Biscuits used to be rations for soldiers and sailors. The word literally comes from the French "bis" plus "cuit": "bis" meaning twice, and "cuit" meaning cooked. The item was cooked, sliced and then cooked again, to remove as much moisture as possible to make it more spoilage resistant. You ended up with a hard, dry piece of bread that you had to gnaw on, but that would travel well.
In England and in France, Biscuit is still used in this general sense when they use it instead of the word "cookie", as is used in America.
In America, Biscuit has generally come to mean a small, bread-like "cakes" risen with Baking Powder or Baking Soda. Sometimes these are called "Baking Powder Biscuits" or "Baking Soda Biscuits." The dough is mixed just enough to blend all the ingredients, but not enough to develop any gluten. The dough is rolled out about 1 inch (2.5 cm) thick and cut into pieces, and cooked for about 15 minutes. When cutting the dough, try to use as sharp a blade or cutter as possible, as a blunt one will end up sealing the edges thus affecting rising.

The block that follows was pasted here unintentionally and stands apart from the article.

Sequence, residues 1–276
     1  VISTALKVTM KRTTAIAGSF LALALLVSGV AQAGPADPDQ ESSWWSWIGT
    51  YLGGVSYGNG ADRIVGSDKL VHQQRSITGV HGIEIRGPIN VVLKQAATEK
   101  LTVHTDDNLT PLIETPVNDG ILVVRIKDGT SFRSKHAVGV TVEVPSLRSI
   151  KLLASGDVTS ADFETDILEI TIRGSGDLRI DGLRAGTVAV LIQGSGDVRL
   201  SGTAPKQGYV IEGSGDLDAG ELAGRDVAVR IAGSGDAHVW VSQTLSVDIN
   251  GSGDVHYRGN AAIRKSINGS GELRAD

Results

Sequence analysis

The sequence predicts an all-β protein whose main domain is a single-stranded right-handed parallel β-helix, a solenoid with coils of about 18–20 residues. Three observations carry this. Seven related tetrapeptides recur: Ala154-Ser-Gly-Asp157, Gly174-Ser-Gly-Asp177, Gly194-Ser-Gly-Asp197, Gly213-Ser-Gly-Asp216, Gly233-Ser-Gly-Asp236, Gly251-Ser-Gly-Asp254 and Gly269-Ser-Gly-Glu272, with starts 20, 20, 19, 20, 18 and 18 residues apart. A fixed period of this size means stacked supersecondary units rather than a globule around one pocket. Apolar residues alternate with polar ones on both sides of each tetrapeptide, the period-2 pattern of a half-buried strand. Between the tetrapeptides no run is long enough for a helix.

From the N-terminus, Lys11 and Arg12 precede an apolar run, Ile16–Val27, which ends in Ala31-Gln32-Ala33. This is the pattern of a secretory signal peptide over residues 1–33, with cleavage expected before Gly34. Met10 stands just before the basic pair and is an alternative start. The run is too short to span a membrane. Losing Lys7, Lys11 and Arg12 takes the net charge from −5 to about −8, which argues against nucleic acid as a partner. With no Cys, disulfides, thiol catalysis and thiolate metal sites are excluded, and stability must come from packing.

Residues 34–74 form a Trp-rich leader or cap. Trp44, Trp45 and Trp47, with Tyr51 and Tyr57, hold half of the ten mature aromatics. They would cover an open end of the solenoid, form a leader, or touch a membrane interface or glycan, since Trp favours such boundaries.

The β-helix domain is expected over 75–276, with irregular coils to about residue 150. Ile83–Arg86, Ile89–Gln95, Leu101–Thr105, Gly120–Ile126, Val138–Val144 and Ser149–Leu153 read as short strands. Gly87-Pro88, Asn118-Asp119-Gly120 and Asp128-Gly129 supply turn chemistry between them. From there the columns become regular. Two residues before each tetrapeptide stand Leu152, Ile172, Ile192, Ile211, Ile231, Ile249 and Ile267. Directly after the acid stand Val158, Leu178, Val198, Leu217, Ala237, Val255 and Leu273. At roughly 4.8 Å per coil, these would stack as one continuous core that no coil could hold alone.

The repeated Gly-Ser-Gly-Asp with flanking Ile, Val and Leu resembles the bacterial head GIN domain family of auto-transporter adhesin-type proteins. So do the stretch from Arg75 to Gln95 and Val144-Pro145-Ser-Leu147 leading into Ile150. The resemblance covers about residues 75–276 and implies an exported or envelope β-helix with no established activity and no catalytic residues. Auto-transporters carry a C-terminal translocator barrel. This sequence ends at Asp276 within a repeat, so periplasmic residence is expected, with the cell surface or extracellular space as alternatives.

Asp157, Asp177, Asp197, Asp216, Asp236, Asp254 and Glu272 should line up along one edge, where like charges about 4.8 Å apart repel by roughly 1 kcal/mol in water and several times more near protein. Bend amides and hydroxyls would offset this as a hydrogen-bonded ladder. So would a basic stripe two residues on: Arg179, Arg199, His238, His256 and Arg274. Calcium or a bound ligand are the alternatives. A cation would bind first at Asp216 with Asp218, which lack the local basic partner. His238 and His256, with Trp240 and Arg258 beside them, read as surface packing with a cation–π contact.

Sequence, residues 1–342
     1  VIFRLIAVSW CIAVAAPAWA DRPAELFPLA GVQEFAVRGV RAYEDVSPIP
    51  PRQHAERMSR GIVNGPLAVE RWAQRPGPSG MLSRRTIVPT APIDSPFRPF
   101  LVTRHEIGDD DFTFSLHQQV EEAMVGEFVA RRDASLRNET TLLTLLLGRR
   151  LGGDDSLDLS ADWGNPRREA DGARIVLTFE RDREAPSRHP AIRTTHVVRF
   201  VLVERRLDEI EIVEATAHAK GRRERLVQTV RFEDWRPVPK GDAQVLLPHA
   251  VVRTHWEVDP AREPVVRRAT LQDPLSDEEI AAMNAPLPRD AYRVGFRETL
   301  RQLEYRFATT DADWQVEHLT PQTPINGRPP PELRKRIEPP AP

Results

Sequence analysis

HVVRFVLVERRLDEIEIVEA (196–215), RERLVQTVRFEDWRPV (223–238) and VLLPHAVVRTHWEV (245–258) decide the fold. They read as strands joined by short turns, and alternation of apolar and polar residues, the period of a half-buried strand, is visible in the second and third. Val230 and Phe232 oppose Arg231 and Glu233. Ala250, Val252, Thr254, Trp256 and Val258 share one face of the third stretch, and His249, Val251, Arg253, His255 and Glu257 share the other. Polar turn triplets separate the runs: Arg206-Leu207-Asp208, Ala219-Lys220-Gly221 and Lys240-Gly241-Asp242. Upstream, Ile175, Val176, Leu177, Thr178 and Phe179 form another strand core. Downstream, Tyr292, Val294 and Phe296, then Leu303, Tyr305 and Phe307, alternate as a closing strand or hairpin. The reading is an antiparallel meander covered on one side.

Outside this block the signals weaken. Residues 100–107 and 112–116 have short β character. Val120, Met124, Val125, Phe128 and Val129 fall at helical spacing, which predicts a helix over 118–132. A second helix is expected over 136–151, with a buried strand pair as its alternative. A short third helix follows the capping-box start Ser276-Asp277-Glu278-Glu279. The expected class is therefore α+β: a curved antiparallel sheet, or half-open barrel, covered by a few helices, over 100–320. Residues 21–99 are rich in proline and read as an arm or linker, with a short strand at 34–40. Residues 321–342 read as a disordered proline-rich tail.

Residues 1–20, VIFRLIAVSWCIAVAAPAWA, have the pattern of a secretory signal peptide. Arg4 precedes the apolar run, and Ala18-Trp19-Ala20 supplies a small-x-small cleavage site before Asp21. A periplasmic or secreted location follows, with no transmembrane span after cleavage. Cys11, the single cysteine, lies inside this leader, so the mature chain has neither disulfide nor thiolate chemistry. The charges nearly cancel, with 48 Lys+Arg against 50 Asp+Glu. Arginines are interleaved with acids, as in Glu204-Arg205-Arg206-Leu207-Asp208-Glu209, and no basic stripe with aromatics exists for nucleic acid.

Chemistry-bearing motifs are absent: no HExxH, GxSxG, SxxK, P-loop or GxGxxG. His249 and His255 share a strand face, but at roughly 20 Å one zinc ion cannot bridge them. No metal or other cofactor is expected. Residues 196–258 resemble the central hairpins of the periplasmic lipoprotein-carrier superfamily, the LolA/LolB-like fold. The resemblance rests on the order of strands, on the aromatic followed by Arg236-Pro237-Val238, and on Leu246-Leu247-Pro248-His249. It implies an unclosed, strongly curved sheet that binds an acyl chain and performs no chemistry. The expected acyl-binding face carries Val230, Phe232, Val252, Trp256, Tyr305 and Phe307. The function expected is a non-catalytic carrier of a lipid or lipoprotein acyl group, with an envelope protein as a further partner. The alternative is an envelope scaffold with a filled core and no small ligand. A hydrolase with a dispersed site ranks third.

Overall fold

Non-raised, unsweetened Biscuits in America tend to be referred to more as "Crackers."
The first company to factory-produce biscuits may have been Huntley & Palmers. The company started making biscuits by hand in the back of a bakery in 1822. In 1846, they opened in Reading, Berkshire, England, their first factory capable of mass producing biscuits. By 1898, the biscuit production complex covered 24 acres and employed around 5,000 people. By 1903, the company offered 400 different varieties of biscuits.
BiscuitsBaking Powder Biscuits; Beaten Biscuits; Biscuit Brake; Biscuit Cutters; Biscuits
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